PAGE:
The priesthood became exorbitantly powerful and wealthy. During the famines and cold weather they were able to wear warm, elegant clothes and live in luxury, while the hoi polloi could barely keep their rags mended. The Church also had a plentiful storage of food: at one point, wheat prices rose by 320% (France).  It was these extravagances, practices and heretical theology that led a monk in Germany, one Martin Luther, to lash out in protest against the Catholic Church. His actions resulted in what we now call the Protestant Reformation.

     Alongside the Church, the rest of Europe witnessed great strides in technology, art, and exploration. The “new world” was discovered by Christopher Columbus in 1492. Themovable type Printing Press, invented by Johannes Gutenberg in 1455, ushered in the first days of the Information Age. In architecture and art, grandiose style of Baroque prevailed. Albrecht Durer (Praying Hands) imported Italian influence into Germany. Leonardo Da Vinci and Michelangelo became the quintessential artists who developed perspective in their paintings and sculpture. Hayden, Handel, Bach, and Mozart scored complex orchestral pieces. Copernicus, Galileo Galilei, and Johannes Kepler proposed a heliocentric (not geo-centric) understanding of our solar system.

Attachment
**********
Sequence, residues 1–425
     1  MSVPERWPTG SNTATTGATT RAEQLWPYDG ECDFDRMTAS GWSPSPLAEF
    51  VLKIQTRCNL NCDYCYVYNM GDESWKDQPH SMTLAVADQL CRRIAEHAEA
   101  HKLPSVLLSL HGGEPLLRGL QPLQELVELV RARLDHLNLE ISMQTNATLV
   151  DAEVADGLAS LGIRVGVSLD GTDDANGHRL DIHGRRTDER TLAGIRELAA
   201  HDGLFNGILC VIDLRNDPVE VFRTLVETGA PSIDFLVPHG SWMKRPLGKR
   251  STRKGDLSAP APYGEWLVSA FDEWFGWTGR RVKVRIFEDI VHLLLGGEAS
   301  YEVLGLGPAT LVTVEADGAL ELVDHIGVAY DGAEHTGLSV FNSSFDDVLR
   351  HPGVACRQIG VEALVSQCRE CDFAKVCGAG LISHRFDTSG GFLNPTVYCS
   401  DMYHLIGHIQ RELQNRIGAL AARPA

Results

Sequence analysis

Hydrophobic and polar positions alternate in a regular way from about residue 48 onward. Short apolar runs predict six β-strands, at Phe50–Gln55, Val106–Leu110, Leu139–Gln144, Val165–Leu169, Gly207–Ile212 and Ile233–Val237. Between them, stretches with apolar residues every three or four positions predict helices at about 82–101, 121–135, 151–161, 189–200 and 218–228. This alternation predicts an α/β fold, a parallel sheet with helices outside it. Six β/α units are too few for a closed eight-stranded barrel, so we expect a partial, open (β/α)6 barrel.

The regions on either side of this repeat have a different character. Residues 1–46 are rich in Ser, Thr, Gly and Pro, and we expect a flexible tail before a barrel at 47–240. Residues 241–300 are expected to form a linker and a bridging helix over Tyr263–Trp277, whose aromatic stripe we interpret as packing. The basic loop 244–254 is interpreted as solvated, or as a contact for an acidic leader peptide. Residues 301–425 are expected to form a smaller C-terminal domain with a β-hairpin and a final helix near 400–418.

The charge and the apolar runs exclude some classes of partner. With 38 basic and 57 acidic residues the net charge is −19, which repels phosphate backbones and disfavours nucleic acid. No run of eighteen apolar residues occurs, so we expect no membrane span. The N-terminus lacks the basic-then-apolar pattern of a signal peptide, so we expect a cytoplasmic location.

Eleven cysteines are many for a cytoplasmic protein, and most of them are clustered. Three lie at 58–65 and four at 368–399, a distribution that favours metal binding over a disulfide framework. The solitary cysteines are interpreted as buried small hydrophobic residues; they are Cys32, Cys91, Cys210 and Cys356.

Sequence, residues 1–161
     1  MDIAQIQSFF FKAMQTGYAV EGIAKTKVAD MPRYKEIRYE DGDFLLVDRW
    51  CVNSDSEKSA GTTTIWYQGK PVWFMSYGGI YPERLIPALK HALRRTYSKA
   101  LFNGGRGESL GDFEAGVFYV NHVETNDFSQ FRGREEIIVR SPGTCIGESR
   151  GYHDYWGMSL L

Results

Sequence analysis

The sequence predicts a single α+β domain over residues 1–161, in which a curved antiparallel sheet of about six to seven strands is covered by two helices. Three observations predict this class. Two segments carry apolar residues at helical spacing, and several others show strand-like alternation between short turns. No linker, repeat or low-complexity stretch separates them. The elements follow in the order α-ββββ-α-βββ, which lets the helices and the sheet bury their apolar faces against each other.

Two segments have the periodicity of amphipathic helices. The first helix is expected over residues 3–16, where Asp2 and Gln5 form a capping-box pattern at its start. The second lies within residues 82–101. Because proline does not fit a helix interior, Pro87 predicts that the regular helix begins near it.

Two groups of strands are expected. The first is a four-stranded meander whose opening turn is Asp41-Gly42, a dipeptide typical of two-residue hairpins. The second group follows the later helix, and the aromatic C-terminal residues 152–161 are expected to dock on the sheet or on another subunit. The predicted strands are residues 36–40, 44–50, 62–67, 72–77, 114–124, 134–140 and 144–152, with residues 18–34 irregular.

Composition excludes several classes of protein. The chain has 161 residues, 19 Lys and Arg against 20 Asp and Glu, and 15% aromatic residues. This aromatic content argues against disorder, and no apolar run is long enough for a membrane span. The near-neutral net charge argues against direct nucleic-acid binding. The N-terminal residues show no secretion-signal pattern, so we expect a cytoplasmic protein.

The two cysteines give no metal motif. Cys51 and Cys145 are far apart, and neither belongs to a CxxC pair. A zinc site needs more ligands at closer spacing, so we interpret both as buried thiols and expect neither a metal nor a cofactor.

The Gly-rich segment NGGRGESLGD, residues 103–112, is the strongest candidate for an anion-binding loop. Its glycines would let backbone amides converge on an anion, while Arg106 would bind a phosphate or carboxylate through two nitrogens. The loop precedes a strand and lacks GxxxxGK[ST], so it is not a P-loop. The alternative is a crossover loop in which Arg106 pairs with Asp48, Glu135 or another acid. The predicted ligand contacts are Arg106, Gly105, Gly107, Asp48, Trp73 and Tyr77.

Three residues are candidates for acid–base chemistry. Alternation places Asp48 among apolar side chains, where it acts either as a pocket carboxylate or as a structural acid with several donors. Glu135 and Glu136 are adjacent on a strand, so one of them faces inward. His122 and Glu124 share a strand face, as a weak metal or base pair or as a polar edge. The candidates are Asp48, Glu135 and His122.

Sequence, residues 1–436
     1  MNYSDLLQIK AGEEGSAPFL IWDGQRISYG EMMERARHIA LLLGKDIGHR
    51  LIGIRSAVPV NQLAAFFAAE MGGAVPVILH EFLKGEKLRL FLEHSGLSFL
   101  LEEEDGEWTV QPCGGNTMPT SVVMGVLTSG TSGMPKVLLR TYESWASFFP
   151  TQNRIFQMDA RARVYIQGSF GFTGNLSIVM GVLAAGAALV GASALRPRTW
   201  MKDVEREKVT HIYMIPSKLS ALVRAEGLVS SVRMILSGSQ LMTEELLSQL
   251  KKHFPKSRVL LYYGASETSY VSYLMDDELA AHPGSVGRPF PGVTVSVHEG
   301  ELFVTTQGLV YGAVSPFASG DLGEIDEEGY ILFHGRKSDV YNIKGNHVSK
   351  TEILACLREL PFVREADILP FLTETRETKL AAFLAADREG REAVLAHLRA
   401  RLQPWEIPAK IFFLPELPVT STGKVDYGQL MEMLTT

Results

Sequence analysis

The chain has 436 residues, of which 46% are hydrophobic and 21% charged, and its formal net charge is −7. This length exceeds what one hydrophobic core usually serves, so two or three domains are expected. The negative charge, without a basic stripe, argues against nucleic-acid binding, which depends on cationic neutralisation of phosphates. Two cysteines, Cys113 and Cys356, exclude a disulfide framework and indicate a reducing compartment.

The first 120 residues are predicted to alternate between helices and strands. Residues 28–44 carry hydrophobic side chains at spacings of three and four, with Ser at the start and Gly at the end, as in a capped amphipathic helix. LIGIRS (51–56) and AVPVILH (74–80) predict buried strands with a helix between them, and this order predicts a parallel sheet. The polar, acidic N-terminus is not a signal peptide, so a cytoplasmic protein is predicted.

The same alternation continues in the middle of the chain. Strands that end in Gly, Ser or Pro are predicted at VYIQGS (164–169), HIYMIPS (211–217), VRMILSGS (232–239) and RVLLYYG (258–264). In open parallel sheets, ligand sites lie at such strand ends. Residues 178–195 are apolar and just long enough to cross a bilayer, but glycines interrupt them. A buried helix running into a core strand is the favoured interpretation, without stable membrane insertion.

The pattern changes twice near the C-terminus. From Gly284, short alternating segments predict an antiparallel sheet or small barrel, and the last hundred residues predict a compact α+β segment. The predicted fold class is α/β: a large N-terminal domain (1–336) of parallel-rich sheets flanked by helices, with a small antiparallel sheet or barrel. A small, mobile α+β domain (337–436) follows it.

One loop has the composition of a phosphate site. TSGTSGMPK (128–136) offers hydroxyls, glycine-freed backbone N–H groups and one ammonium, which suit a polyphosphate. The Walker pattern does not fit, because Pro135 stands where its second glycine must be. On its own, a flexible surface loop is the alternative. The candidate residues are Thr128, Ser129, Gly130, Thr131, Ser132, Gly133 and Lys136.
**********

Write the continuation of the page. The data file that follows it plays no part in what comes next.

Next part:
The idea of human reasoning as a way of determining Truth was proposed by René Descartes. The idea of common sense came from John Locke. These philosophers, and others, influenced the ideas found in the U.S. Constitution.